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Classical 18.5-and 21.5-kDa isoforms of myelin basic protein inhibit calcium influx into oligodendroglial cells, in contrast to golli isoforms

Authors

  • Graham S.T. Smith,

    1. Department of Molecular and Cellular Biology, and Biophysics Interdepartmental Group, University of Guelph, Guelph, Ontario, Canada
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    • G.S.T. Smith and P.M. Paez contributed equally to this work.

  • Pablo M. Paez,

    1. Semel Institute for Neuroscience and Human Behavior, University of California at Los Angeles, Los Angeles, California
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  • Vilma Spreuer,

    1. Semel Institute for Neuroscience and Human Behavior, University of California at Los Angeles, Los Angeles, California
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  • Celia W. Campagnoni,

    1. Semel Institute for Neuroscience and Human Behavior, University of California at Los Angeles, Los Angeles, California
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  • Joan M. Boggs,

    1. Molecular Structure and Function, Hospital for Sick Children, and Laboratory Medicine and Pathobiology, University of Toronto, Toronto, Ontario, Canada
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  • Anthony T. Campagnoni,

    1. Semel Institute for Neuroscience and Human Behavior, University of California at Los Angeles, Los Angeles, California
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  • George Harauz

    Corresponding author
    1. Department of Molecular and Cellular Biology, and Biophysics Interdepartmental Group, University of Guelph, Guelph, Ontario, Canada
    • Molecular and Cellular Biology, University of Guelph, 50 Stone Road East, Guelph, Ontario, N1G 2W1 Canada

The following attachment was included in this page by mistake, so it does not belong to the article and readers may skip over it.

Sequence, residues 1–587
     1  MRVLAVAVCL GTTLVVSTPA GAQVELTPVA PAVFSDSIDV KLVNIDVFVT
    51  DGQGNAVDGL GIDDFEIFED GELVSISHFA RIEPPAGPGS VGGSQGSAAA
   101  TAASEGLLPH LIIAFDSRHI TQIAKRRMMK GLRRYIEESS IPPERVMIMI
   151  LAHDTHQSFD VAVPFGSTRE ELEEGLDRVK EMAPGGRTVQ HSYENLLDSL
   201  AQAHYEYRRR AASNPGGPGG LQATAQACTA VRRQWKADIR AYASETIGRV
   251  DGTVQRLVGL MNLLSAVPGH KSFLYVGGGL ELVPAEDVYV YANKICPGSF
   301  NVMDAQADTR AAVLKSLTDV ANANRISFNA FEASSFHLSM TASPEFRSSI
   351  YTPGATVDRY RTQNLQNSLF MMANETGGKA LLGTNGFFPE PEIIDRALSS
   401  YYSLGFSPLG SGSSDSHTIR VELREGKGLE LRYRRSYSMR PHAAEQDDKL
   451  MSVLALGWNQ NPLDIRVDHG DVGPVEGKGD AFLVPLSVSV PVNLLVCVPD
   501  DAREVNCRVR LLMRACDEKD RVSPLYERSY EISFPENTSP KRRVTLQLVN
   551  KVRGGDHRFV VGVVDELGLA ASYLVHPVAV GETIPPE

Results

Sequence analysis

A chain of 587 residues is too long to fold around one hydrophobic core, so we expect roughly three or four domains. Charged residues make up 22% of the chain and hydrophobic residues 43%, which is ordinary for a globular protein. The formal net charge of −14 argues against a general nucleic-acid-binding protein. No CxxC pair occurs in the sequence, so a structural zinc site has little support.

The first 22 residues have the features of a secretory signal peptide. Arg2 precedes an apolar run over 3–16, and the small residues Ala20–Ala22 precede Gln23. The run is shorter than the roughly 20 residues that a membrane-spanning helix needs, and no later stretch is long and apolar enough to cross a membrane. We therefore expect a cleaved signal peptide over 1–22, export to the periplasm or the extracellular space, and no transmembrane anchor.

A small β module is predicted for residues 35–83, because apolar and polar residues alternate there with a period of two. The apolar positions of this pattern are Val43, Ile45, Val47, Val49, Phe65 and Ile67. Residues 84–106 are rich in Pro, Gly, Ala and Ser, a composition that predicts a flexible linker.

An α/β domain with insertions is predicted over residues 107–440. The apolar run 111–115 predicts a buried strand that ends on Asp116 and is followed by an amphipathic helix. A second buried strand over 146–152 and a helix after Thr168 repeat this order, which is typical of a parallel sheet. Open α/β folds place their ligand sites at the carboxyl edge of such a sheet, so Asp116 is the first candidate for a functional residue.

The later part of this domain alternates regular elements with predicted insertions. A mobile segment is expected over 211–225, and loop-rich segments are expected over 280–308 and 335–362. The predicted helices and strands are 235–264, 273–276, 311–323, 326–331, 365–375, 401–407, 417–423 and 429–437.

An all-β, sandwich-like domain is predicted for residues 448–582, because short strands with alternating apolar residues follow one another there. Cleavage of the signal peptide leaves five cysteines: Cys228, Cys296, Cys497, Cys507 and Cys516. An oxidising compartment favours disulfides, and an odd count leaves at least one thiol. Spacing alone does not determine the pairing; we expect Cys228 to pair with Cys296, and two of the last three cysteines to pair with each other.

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Abstract

The myelin basic protein (MBP) family arises from different transcription start sites of the golli (gene of oligodendrocyte lineage) complex, with further variety generated by differential splicing. The “classical” MBP isoforms are peripheral membrane proteins that facilitate compaction of the mature myelin sheath but also have multiple protein interactions. The early developmental golli isoforms have previously been shown to promote process extension and enhance Ca2+ influx into primary and immortalized oligodendrocyte cell lines. Here, we have performed similar studies with the classical 18.5- and 21.5-kDa isoforms of MBP. In contrast to golli proteins, overexpression of classical MBP isoforms significantly reduces Ca2+ influx in the oligodendrocyte cell line N19 as well as in primary cultures of oligodendroglial progenitor cells. Pharmacological experiments demonstrate that this effect is mediated by voltage-operated Ca2+ channels (VOCCs) and not by ligand-gated Ca2+ channels or Ca2+ release from intracellular stores. The pseudo-deiminated 18.5-kDa and the full-length 21.5-kDa isoforms do not reduce Ca2+ influx as much as the unmodified 18.5-kDa isoform. However, more efficient membrane localization (of overexpressed, pseudo-deiminated 18.5-kDa and 21.5-kDa isoforms of classical MBP containing the 21-nt 3′-untranslated region transit signal) further reduces the Ca2+ response after plasma membrane depolarization, suggesting that binding of classical MBP isoforms to the plasma membrane is important for modulation of Ca2+ homeostasis. Furthermore, we have found that the mature 18.5-kDa isoform expressed in oligodendrocytes colocalizes with VOCCs, particularly at the leading edge of extending membrane processes. In summary, our findings suggest a key role for classical MBP proteins in regulating voltage-gated Ca2+ channels at the plasma membrane of oligodendroglial cells and thus also in regulation of multiple developmental stages in this cell lineage. © 2011 Wiley-Liss, Inc.

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